Zac (left), Taylor, and Isaac Hanson perform in Royal Oak in December. // Photograph courtesy of Jonathan Weiner
It wasn’t long after Hanson released “MMMBop” that it became the summer ’97 anthem of teens across America. In the years that have followed, the pop-rock band of brothers out of Tulsa, Oklahoma has continued to churn out hits without losing its trademark wholesome sound. In honor of the holiday season, the trio has embarked on its Wintry Mix Tour, in which they’ll perform some of the season’s classic hits and give fans a preview of songs from the seventh studio album, set for release in 2020.
Prior to Hanson’s show at Royal Oak Music Theatre on Dec. 17, Hour Detroit chatted with Zac Hanson — vocalist, drummer, and the band’s youngest member — on what it’s like to work with your siblings, their new album, and performing in Detroit.
Hour Detroit: Tell us about your sibling dynamics.
Zac Hanson: The benefit of being siblings is the shared experience and the fact that you generally have similar values. There’s a lot of aspiration in our music. Even though we write about it in different ways, it’s very much about our desires of where we want to be, how to overcome things, and our dreams. So, it’s a huge asset growing up together — not just meeting at some point along the way and discovering you’re similar. Also, it sounds kind of funny, but you’re almost trained to work well together. We really do, genetically, have similar vocal chords, and it lends to us sounding good together. The blood in your veins plays a big role.
Why do you feel that Tusla is a better home base than Los Angeles or New York?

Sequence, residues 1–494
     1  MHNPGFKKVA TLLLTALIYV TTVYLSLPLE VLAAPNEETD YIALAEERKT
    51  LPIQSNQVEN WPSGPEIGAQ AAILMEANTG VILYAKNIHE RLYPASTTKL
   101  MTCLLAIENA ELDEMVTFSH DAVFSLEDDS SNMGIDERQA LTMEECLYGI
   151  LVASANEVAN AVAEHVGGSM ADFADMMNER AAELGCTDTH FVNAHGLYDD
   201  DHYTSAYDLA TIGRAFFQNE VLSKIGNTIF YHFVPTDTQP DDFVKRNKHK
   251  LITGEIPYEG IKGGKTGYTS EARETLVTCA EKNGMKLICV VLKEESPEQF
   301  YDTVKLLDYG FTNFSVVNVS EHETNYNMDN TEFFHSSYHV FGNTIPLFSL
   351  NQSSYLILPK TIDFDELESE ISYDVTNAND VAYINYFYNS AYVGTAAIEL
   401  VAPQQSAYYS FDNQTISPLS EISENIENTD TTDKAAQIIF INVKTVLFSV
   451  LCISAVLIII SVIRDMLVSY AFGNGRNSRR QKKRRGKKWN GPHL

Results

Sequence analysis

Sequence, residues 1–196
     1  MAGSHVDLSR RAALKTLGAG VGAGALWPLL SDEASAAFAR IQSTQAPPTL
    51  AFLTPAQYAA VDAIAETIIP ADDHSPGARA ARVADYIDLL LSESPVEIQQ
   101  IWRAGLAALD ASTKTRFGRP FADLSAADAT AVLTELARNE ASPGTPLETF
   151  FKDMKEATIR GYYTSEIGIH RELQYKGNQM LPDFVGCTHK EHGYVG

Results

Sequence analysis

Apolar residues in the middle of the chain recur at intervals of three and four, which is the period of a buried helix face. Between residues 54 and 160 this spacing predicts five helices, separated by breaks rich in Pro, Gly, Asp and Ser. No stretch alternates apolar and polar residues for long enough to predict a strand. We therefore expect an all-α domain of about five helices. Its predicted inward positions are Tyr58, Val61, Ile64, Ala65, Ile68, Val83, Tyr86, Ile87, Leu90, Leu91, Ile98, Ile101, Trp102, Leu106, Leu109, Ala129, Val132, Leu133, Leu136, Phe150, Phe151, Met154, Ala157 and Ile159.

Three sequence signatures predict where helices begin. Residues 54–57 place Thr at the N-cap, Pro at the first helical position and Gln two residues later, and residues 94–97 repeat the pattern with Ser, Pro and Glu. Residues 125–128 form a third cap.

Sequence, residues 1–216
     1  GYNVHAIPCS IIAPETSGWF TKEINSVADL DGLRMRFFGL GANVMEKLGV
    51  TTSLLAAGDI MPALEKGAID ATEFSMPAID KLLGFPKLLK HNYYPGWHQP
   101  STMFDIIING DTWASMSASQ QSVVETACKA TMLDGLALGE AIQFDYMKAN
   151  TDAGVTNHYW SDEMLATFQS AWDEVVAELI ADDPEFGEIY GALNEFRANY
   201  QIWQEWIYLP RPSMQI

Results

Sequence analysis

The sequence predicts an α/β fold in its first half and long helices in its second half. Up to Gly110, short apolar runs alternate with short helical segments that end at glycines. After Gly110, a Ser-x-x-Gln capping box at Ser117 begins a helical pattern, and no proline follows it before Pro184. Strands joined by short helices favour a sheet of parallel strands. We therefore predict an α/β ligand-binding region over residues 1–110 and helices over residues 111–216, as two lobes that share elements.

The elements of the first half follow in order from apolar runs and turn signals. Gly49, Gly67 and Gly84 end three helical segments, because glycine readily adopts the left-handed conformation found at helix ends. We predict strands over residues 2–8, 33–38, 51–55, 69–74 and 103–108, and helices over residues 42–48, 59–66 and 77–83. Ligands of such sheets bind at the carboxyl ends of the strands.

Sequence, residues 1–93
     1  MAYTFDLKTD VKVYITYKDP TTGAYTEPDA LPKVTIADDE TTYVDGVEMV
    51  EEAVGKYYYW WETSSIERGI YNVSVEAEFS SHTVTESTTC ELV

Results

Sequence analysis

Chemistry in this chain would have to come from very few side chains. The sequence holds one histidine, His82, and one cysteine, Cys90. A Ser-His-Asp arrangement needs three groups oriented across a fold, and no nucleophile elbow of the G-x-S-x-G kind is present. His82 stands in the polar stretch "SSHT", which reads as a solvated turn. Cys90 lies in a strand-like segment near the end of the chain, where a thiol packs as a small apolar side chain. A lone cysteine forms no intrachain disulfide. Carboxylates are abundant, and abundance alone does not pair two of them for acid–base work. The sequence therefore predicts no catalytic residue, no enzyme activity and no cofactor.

Being from Oklahoma, being from Tulsa, is always so important. Not because of what Tulsa is, but the idea that you’re from somewhere. You have roots and somewhere to go back to. You’re not just one more band from Hollywood. We’ve always wanted to represent something and be recognizable as a band that’s about something. So, Oklahoma just happens to be right in the middle. If you go to Google maps and you zoom in somewhere in the center you land near Tulsa. Not as many bands are from a place like that, and if they are, they move. That’s fine, but we just felt that Tulsa was part of who we want to be.
Can you talk a bit about your new album?
I think it’s full of a lot of joy. As it stands, it’s unfinished. It’s fairly comfortable with itself, and I mean that in the best way. It’s a lot of “I don’t care what I’m supposed to sound like, I don’t know care what people think Hanson is. I know what I am.” So, every song presents itself like that. It presents itself and says it’s fully formed and happy to be who it is. That’s all I can share.
How do you feel about being back in the Motor City?
Zac Hanson: Detroit is a good music town. We’ve played at Royal Oak a bunch of times, and we had a death threat there once, but we played the show anyway. I remember that very vividly. I was like “Oh, shoot! Somebody said they’re going to come kill us, do we play the show?” We looked at each other and we were like, “You know what? We’re going to do it, and if we’re going to go out, let’s go out on stage in Detroit.” Not the best Christmas memory maybe but we’ve had great times [laughs]. It’s always about the experience onstage. We always joke that going on tour is just dumpsters and dives and back alleys and shuttle vans, because that’s sort of what you see, but we’re not there for the sights. We’re there for the people.